Information Physics
Professors Caticha, Earle, Goyal, and Knuth
Information physics explores the multiple connections between physics and information.
One direction of research runs from information to physics: we explore the extent to which the laws of physics might reflect the rules for processing information—the ambitious goal is to derive the laws of physics from information theory. This approach has already been very fruitful yielding multiple insights into statistical, quantum, and classical mechanics.
The opposite direction from physics to information is also very exciting: one studies how physics that is already well understood can be exploited to develop new ways to process information—the prime example here is quantum information theory and quantum computation.
And finally, none of this can be achieved without a solid understanding of the theory of information and inference itself. One studies foundational questions concerning the nature of information and how it ought to be processed and acquired. The goal is to place Bayesian and entropic methods and the theory of inquiry on a secure foundation from which their applications may be reliably explored.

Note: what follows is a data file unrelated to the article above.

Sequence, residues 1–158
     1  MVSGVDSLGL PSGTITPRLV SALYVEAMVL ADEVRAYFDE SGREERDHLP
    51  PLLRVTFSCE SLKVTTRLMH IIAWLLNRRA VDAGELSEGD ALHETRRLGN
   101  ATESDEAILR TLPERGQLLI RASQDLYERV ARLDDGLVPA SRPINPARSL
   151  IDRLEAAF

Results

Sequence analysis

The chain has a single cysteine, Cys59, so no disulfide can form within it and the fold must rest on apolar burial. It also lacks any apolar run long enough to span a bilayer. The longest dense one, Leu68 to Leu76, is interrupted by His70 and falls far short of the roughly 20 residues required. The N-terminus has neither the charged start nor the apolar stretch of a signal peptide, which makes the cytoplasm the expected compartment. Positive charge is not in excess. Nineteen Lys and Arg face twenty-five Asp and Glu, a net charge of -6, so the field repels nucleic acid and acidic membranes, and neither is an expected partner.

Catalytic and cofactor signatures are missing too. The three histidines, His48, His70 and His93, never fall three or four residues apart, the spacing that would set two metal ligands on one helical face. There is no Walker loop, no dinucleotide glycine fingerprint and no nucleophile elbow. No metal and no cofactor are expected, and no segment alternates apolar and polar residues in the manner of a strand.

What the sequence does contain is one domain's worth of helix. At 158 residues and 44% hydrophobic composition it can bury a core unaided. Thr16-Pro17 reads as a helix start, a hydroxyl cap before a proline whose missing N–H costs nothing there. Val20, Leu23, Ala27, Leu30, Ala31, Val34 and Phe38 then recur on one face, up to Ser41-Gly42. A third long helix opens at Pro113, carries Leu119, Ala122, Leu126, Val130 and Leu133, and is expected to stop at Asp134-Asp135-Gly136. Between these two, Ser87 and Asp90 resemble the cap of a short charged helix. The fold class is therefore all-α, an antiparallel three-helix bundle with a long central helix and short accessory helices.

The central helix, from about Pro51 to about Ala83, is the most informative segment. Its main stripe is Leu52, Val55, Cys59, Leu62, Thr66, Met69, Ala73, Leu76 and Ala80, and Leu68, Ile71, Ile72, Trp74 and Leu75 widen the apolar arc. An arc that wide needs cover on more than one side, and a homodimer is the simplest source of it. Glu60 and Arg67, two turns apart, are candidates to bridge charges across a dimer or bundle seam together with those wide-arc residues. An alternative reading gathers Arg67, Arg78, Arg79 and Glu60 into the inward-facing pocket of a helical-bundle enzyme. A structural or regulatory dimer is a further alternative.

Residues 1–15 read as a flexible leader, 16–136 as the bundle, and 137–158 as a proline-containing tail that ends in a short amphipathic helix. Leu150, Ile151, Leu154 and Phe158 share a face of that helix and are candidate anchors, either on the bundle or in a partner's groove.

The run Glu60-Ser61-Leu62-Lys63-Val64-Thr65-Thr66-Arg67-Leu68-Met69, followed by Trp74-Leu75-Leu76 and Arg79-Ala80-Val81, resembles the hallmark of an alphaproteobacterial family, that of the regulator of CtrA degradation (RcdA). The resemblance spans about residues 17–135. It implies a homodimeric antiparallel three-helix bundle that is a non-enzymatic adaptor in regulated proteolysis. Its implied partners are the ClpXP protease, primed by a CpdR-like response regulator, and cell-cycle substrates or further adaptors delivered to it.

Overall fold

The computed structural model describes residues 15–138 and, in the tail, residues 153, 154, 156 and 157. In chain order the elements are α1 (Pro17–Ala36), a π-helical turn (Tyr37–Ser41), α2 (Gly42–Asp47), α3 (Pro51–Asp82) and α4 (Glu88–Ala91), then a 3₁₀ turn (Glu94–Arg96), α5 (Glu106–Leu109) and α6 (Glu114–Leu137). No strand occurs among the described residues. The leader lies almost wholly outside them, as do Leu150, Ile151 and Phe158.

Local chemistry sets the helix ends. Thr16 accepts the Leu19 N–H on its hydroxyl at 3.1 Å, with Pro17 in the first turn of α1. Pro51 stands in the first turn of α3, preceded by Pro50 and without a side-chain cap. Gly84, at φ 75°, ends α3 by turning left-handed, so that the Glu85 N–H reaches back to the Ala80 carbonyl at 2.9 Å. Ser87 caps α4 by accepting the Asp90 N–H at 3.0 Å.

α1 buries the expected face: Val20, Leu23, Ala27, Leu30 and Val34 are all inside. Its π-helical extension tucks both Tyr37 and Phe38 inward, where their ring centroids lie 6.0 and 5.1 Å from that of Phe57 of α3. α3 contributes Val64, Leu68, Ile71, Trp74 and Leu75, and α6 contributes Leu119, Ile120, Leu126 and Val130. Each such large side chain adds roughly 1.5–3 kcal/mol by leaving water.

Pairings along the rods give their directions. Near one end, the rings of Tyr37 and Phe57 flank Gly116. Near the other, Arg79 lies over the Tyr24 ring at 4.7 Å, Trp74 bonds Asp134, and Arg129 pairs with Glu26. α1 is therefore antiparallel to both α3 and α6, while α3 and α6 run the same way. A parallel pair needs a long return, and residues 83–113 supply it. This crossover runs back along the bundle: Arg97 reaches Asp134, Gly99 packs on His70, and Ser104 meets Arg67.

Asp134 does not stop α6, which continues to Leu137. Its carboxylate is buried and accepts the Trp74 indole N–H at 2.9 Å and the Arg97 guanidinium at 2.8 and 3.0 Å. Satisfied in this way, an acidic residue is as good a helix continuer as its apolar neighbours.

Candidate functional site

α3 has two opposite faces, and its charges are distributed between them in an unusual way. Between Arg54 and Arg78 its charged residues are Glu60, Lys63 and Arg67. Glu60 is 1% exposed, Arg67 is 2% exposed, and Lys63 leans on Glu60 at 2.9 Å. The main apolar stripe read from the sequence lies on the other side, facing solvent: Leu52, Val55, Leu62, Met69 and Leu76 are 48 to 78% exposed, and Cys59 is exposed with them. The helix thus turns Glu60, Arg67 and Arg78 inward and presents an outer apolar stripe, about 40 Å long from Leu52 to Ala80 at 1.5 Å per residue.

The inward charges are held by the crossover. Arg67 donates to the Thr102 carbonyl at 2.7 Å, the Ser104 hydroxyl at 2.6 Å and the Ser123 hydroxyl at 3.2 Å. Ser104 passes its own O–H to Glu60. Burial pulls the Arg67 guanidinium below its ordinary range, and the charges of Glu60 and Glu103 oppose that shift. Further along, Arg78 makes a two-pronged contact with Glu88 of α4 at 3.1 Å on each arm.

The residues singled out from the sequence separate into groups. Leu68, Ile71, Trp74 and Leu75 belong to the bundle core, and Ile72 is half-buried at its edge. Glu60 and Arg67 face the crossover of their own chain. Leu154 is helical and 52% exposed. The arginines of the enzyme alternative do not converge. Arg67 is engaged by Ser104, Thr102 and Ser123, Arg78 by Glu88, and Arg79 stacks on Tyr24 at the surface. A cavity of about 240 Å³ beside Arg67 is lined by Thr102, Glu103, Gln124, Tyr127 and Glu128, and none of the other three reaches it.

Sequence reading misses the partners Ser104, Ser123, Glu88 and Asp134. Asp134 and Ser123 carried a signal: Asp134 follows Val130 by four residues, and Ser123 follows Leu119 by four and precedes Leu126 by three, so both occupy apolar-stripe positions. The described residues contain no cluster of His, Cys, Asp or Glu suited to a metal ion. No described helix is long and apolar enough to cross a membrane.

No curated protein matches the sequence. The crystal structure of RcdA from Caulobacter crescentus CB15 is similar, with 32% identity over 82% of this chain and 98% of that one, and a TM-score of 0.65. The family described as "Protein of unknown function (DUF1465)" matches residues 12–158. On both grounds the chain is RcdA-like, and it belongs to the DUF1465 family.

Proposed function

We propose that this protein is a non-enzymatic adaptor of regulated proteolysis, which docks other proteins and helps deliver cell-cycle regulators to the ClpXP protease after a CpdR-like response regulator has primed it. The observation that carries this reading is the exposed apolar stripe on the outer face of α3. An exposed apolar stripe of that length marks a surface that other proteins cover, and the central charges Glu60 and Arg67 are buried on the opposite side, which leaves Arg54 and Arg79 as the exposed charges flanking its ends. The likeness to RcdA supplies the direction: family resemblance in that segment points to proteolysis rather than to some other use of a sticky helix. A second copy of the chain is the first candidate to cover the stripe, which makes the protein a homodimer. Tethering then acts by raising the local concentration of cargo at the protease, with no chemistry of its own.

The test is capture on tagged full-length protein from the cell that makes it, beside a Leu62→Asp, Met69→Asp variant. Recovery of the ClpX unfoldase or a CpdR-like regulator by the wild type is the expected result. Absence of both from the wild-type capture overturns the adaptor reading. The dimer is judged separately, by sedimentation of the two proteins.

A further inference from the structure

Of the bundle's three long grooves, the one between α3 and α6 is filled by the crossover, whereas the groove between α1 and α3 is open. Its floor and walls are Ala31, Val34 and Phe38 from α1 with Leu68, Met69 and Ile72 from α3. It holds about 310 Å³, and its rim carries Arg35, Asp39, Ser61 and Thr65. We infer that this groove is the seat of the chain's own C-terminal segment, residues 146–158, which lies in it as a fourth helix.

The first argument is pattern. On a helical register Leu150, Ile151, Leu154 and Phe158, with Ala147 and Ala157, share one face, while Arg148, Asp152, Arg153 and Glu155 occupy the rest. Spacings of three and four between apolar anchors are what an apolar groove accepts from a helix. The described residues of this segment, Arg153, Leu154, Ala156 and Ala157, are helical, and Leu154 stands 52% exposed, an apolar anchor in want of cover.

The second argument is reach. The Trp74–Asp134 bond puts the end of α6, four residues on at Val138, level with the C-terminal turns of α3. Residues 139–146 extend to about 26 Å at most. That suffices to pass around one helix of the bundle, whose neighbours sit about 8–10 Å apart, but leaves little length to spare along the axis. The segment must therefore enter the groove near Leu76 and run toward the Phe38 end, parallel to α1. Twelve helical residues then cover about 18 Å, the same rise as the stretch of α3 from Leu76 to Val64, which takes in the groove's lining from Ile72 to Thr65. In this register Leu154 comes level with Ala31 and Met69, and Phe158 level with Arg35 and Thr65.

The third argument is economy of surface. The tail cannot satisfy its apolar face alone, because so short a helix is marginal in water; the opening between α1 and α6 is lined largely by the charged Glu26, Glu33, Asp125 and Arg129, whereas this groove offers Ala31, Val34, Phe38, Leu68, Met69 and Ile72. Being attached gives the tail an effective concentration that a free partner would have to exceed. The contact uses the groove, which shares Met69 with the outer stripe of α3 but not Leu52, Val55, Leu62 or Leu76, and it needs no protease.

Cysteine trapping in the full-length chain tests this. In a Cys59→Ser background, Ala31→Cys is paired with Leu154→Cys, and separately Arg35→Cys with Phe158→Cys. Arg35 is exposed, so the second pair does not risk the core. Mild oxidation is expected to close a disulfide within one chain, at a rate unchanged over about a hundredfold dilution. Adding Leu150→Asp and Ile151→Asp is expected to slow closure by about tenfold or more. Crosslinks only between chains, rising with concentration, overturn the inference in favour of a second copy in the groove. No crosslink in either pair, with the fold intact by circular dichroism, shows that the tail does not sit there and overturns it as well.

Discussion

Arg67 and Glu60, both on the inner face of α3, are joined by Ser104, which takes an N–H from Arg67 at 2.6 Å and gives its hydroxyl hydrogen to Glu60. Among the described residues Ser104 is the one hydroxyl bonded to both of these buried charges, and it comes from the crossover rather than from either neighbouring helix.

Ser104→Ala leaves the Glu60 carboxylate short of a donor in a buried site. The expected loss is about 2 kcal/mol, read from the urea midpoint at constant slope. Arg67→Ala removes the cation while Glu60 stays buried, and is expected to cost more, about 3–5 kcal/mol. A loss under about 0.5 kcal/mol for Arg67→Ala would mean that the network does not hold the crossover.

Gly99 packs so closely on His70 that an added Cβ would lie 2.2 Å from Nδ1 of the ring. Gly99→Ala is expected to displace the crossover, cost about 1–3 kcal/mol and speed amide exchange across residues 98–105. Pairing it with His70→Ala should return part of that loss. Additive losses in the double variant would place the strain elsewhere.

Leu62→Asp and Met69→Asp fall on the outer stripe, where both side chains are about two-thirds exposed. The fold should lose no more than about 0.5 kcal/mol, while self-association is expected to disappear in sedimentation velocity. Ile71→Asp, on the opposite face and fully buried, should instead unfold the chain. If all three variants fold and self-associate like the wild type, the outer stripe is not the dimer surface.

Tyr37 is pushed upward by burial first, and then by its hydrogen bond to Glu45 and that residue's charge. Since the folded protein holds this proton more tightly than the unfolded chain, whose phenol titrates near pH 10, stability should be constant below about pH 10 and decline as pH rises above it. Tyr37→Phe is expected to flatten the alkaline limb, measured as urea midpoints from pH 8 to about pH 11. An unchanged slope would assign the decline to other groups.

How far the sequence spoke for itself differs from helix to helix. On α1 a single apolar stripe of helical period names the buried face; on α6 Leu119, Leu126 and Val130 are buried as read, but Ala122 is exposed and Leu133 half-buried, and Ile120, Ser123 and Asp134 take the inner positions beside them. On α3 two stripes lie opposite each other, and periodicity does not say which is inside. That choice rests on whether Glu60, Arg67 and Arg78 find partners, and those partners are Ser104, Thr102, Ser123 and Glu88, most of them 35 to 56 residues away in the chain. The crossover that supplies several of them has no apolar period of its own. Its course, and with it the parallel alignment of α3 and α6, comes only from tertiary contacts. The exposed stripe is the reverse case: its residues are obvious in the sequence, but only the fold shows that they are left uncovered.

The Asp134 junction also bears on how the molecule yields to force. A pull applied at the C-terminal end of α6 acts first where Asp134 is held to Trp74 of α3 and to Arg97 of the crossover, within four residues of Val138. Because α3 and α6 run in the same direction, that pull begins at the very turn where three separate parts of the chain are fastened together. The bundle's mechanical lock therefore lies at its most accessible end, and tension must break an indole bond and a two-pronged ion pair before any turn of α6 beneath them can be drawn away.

RESEARCH HIGHLIGHT
Prof. Goyal publishes new article "Derivation of Quantum Theory from Feynman's Rules" in Physical Review A. Full text available here.
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STUDENT SUCCESS
In March 2015 graduate student Yuri Chervonyi received an award for the best student talk at the Great Lakes Strings Conference. Yuri's talk was based on this paper.
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